Catholic Culture Overview
Catholic Culture Overview

So who owns the Catholic ‘brand’?

By Phil Lawler ( bio - articles - email ) | Jun 11, 2024

It’s the Age of the Laity and all that, but Stephen Millies, writing for the National Catholic Reporter, worries that things are getting out of hand.

“Who owns the brand?” The honest answer probably is that it no longer is owned (at least in the same way it used to be) by the successors of the apostles, our bishops and pastors.

Millies illustrates his point by showing that organizations run by lay Catholics are raising large sums of money, even while the bishops are seeing a decline in diocesan and parish offerings. (The amount of money collected, apparently, is what determines who “owns the brand” of Catholicism.

While bishops and pastors struggle to sustain schools and soup kitchens—indeed, while the U.S. bishops contemplate shuttering the Catholic Campaign for Human Development—Catholics contribute hundreds of millions of dollars each year to these (and many other) activist and social communication organizations that have redefined the Catholic “brand” in the United States.

But wait. Is it a bad thing that lay people are raising money for Catholic causes? That donors are enthusiastically supporting new initiatives? What really bothers Millies is that the successful new initiatives run by lay Catholics support causes that he does not endorse—whereas apparently he does endorse the radical political activism that is the stock-in-trade of the CCHD.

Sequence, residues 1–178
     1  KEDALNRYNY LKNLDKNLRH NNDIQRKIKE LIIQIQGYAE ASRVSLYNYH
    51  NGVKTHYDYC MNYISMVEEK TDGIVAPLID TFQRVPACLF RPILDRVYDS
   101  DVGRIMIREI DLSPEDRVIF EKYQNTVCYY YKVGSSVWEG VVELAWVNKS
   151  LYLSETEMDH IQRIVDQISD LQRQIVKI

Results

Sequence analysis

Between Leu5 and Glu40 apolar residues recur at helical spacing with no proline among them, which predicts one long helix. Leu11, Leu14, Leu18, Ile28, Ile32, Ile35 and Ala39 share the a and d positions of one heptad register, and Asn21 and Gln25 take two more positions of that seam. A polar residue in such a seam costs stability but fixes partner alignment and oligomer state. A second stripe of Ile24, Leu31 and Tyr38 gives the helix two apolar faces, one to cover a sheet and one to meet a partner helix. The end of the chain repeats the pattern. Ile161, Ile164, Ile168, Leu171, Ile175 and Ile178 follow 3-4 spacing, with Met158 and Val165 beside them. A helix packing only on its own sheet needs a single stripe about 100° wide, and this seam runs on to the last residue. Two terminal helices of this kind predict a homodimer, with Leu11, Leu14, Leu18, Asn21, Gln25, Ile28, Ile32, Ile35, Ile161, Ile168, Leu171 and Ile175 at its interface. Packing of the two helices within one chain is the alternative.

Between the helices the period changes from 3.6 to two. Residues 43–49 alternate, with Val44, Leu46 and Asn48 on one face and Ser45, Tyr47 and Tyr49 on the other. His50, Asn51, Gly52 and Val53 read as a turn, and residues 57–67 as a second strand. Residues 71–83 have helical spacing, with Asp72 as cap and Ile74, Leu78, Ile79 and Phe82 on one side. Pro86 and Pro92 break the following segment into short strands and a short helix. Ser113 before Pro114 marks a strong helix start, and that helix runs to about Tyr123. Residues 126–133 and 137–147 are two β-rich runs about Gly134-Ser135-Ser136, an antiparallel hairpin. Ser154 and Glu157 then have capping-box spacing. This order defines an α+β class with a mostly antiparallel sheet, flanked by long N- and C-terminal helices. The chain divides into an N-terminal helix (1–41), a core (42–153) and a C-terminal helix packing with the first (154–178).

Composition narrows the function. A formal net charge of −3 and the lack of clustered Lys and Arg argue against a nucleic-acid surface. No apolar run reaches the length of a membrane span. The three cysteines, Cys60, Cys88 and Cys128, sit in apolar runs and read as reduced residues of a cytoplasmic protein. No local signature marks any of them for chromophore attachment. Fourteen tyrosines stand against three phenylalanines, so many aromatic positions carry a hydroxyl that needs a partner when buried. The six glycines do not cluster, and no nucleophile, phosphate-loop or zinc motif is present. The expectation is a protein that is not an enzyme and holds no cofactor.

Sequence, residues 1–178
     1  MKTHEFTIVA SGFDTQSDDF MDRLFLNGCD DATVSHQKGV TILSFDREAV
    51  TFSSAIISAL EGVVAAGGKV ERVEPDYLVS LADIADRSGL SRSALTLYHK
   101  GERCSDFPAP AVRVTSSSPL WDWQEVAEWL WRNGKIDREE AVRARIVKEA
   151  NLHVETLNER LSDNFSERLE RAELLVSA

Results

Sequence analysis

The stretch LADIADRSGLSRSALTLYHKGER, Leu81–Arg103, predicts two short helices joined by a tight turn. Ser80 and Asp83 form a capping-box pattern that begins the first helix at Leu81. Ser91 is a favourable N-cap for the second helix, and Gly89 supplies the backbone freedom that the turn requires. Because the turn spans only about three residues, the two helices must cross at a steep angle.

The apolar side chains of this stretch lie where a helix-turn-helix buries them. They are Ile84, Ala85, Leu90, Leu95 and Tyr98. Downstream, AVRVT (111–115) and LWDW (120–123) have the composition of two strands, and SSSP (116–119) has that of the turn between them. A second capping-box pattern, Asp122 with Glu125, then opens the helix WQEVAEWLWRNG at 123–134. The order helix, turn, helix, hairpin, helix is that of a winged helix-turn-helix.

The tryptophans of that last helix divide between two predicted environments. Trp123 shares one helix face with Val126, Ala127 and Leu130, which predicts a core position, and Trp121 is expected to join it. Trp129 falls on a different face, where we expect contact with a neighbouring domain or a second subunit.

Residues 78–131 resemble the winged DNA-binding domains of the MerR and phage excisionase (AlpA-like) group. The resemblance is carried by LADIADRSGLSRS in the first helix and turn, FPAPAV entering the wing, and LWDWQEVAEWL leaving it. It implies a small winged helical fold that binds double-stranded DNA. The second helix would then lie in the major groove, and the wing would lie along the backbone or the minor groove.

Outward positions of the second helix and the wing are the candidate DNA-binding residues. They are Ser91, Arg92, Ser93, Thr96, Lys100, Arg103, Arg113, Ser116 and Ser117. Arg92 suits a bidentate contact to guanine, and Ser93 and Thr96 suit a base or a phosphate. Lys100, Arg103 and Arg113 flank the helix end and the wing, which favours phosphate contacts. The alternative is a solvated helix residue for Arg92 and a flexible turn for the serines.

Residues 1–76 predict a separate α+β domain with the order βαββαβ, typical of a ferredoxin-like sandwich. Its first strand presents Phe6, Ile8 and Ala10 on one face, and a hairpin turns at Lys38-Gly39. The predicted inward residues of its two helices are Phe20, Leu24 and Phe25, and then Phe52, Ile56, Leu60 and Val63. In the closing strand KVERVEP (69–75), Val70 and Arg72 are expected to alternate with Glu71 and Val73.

At least I think that’s what bothers him. The sentence in which he explains his discomfort is a bit of a grammatical puzzle:

Much of the difficulty about Catholics in U.S. politics owes to how worried I think our bishops are that they’ve lost control of the narrative.

Sorry, Stephen, but it’s not the bishops who have lost control of their narrative. When you write for the National Catholic Reporter, you’re in an awkward position complaining that other people misuse the “Catholic” brand:

As a legal matter, anyone can create a corporation or achieve nonprofit tax-exempt status with a Catholic-sounding name. The IRS does not seek the permission of bishops when that happens.

If IRS officials did consult the bishops, they might note that on at least two occasions, the bishop of the diocese where the Reporter is located has informed the paper’s editors that they should not advertise their product as a “Catholic” newspaper.

So now again, who owns the brand?

Phil Lawler has been a Catholic journalist for more than 30 years. He has edited several Catholic magazines and written eight books. Founder of Catholic World News, he is the news director and lead analyst at CatholicCulture.org. See full bio.

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  • Posted by: MatJohn - Jun. 12, 2024 3:01 PM ET USA

    The Reporter sees the comments of their diocesan bishop as badges of honor. The publication is infatuated with the word cafeteria.

  • Posted by: miketimmer499385 - Jun. 11, 2024 6:47 PM ET USA

    I see that he is the Director of The Bernardin Center in Chicago, also, which may call into question the narrative which he would like to see as the controlling one.